While last week we were talking slugs and snails, and Mrs Coulter has been looking after the stick insects, this week it’s the turn of a caterpillar… a very hungry caterpillar.
Since its creation in 1969, The Very Hungry Caterpillar has become a children’s classic and a book that we return to every year in Nursery. While we won’t be able to set up our butterfly farm this year, why not try some of these activities at home.
LL –See Eric Carle, the author of The Very Hungry Caterpillar, reading his classic book out loud. It allows us to listen to the story again through the voice of the author.
PSE – This story is a great way to to explore new foods. Choose some of the healthy foods from the story and see if you enjoy eating them too. But remember, don’t eat too much or your end up with a stomach ache just like the caterpillar.
WAU – Explore the life cycle of a caterpillar. Visit this “super teacher” website to make your own printables to make the caterpillar lifecycle together.
PD – Draw, colour and cut out some fruit shapes. Chomp and munch through the fruit shapes using a caterpillar hole punch to strengthen your fingers and develop your coordination.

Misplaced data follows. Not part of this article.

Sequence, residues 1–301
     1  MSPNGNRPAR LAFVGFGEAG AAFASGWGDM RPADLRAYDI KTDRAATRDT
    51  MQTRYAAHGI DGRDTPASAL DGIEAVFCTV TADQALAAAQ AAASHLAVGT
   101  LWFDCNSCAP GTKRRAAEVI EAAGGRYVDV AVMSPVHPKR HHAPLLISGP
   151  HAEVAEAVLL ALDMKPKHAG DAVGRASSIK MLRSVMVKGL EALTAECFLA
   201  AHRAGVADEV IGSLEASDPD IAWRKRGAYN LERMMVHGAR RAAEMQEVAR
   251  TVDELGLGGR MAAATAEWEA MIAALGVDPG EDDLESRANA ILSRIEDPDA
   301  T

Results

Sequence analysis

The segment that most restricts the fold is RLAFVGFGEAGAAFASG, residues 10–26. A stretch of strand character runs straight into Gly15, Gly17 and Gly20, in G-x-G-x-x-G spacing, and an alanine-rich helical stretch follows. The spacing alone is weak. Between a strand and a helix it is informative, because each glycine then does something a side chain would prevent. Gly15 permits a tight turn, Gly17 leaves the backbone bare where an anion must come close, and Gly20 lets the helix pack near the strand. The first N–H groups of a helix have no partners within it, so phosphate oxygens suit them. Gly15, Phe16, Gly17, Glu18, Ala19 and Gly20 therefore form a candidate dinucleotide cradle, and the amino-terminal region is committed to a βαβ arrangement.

EMD – As well a being able to develop great counting skills, by counting each of the food that the caterpillar ate, this story is a bit like our road safety calendar and helps us learn the days of the week.
Arts – Make the classic egg carton caterpillar. Yes, it’s been done many times before, but it’s one of those memorable activities (and keepsakes) that every kid loves.
Eco – Make a “grass head” caterpillar. Mix grass seed in with potting soil and then use this to fill up a stocking. Tie at the end with string and water until saturated. Water your caterpillar every day after and watch it grow. When the grass gets too long you can give it a “haircut.”
AND JUST FOR FUN – Visit the Sainsbury’s website to view all of the tasty recipes you can make with the ingredients listed in the book or make their beautiful butterfly cakes. Remember if you haven’t got sprinkles these buns are just as tasty without them, so need to go to the shops.
Playboard NI has also released a useful leaflet about children at play during this time. While it is geared towards helping children who have been placed in open school settings, some parents may find it helpful when preparing activities for their children (nursery or older) at home. Please click here to check it out.